Wednesday, October 7, marked the 2020 general election’s first and last Vice-Presidential Debate between current Vice President Mike Pence and Senator Kamala Harris of California.
It’s actually rather unusual that this year’s vice-presidential debate garnered so much attention. VP debates are typically a nonissue. They are overshadowed by presidential debates and likely do very little to sway the opinion of the American people. But as many news outlets have pointed out – this year’s debate was different for a variety of reasons.
First, this debate mattered because Trump and Biden are both the oldest nominees ever for President, with President Trump being 74 years old and Democratic Nominee Joe Biden being 77 years old at time of writing. Their ages have caught public attention and brought more focus to their potential successors.
Second, this debate was significant because, at the time of airing, we didn’t know whether or not there would even be another debate during this election cycle due to the coronavirus outbreak at the White House, which has infected even the President, who was hospitalized at Walter Reed National Military Medical Center for three days. The future of the debates between Biden and Trump, of which there are two more scheduled, remains uncertain as Trump rejects debating virtually.
Third, the vice presidential debate mattered this year because the September 29 presidential debate was widely considered disastrous, with ABC News host George Stephanopoulos calling it, “The worst presidential debate I have ever seen in my life.” Hostility and President Trump’s consistent interruptions of both his opponent and the moderator likely distracted from the important policy issues that should have taken the spotlight.
Wednesday’s VP debate wasn’t filled with as much chaotic debate and crosstalk as the Presidential debate. However, it still proved contentious. While more civil than the Trump-Biden debate, the candidates did interrupt each other, with Pence in particular speaking over time or interrupting. One CBS tally counted ten interruptions from Pence and five from Harris.
One key point of discussion during the debate was the coronavirus, with Harris calling the Trump administration’s handling of the COVID-19 crisis the “greatest failure of any presidential administration in the history of our country.”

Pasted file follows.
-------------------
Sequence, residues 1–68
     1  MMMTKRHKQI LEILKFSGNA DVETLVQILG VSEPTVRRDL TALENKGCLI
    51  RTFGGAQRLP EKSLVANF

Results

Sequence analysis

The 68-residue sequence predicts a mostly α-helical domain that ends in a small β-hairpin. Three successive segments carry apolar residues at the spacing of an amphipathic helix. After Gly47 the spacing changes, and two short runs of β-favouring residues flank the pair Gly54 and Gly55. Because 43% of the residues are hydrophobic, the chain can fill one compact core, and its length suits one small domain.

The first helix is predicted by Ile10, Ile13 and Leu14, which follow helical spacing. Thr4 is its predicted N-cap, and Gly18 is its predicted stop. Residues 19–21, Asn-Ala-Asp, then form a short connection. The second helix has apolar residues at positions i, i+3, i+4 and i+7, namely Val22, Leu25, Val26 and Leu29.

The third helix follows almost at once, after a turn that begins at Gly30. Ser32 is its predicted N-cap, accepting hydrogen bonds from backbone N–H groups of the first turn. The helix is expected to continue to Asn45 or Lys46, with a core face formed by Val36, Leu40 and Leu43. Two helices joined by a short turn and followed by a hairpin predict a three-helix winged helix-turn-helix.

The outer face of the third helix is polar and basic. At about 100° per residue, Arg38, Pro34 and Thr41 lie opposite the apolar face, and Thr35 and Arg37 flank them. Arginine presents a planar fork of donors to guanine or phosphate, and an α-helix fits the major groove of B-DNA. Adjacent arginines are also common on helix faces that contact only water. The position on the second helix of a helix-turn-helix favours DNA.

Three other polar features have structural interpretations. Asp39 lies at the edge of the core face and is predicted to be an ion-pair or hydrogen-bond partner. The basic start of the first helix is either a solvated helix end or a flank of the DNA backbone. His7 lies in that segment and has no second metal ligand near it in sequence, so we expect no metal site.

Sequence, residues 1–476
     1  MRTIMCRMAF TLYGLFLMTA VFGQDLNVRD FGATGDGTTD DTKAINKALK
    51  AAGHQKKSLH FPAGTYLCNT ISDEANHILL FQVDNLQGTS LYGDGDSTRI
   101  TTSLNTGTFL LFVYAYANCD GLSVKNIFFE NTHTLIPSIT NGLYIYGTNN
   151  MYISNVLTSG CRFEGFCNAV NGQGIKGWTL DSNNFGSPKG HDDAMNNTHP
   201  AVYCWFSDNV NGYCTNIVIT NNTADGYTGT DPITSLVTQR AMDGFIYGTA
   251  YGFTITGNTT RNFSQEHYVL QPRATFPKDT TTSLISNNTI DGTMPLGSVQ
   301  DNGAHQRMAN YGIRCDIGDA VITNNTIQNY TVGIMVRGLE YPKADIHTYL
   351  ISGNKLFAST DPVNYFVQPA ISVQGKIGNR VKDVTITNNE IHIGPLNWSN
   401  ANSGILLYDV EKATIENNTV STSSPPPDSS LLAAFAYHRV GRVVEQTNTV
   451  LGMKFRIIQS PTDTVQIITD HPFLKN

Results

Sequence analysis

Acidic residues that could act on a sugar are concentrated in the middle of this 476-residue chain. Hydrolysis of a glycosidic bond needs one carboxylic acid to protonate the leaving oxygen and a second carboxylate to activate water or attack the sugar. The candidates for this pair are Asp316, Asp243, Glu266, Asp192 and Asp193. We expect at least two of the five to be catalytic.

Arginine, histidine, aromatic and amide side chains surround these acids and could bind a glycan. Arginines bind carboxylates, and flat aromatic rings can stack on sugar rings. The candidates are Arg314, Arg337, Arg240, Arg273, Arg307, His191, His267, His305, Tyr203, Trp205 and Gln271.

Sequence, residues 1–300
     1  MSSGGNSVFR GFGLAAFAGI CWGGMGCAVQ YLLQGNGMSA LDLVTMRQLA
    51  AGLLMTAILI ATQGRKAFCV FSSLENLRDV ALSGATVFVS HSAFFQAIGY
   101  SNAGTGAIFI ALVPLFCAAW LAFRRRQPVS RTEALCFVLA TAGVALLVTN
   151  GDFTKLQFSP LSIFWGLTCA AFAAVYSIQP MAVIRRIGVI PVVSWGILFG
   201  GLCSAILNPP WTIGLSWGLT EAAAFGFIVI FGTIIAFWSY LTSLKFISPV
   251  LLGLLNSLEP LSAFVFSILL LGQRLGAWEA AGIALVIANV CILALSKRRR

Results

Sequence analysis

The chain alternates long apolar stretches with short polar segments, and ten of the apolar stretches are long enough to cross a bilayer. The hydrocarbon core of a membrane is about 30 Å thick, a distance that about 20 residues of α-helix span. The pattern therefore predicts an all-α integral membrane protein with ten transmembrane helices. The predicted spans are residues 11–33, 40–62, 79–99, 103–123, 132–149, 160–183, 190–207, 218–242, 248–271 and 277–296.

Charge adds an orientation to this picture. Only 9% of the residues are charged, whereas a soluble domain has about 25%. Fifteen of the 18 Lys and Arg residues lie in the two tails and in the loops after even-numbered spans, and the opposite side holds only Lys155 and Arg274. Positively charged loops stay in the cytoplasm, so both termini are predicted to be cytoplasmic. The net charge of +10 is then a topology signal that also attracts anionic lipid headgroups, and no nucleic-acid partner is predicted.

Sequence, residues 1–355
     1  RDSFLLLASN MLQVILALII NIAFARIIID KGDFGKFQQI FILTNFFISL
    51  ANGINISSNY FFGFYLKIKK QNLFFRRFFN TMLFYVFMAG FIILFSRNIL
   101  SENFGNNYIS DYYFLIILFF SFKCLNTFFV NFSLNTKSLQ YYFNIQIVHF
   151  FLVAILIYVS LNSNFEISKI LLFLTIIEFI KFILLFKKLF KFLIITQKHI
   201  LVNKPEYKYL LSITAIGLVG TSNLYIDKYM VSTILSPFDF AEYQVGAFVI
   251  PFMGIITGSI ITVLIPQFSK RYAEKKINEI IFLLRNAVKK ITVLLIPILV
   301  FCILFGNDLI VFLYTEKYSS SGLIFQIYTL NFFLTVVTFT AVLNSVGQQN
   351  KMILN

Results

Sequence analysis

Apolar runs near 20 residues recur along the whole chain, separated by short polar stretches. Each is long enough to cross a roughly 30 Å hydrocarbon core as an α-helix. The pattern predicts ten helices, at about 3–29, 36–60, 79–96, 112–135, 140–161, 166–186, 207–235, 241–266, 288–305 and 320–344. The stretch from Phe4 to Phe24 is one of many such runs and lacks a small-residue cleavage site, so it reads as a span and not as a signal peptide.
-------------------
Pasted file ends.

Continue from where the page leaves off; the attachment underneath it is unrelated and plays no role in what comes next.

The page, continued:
Pence, in turn, claimed that the Biden plan “[read] an awful lot like what President Trump and I and our task force have been doing every step of the way.”
Both candidates did dodge questions throughout the debate. For example, Harris swerved clear of a question on Supreme Court packing. And during the discussion on the coronavirus, Pence addressed Trump’s restrictions on travel with China rather than answer the question posed by moderator Susan Page, “Why is the U.S. death toll, as a percentage of our population, higher than that of almost every other wealthy country?”
And towards the debate’s end, Page faced the candidates with a question not dissimilar to one posed towards the end of the first Presidential debate. In an allusion to the complicated and contentious nature of this year’s election, Page asked both candidates about the peaceful transfer of power, and what they would do if the Biden ticket wins and Trump refuses to cede power.
Harris did not detail a precise strategy, vowing simply that they would “fight for our democracy, and [fight] for the integrity of our democracy” and concluding her answer by urging the American people to vote.
In turn, Pence’s unclear response seems to echo Trump’s own answer from the first Presidential debate. When speaking, Pence instead emphasized that he believed that the Trump-Pence ticket would win the election. He also re-iterated a piece of misinformation commonly used by the Trump campaign, stating that mail-in voting would “create a massive opportunity for voter fraud.”
And while this debate was remarkably civil compared to the rest of this election and the debate that preceded it, it did not entirely escape the slight element of the absurd that has affected the rest of the election, with a fly landing on Pence’s head during the debate and remaining atop his hair for two minutes. It captivated the internet’s attention and became a key part of much public discussion.
While the fly may have swooped in and stolen the spotlight, the vice-presidential debate was an incredibly important event this year. Both candidates took the time to double down on their party’s stances without a constant litany of crosstalk and interruptions. It can’t really be said that this debate brought any shocking revelations to light, and while it may have helped some undecided voters pick a side, it likely didn’t change the minds of many people who have already chosen their favored candidate. But it may just be the last debate we get this election cycle, and it will almost certainly be the last debate that has any semblance of civility.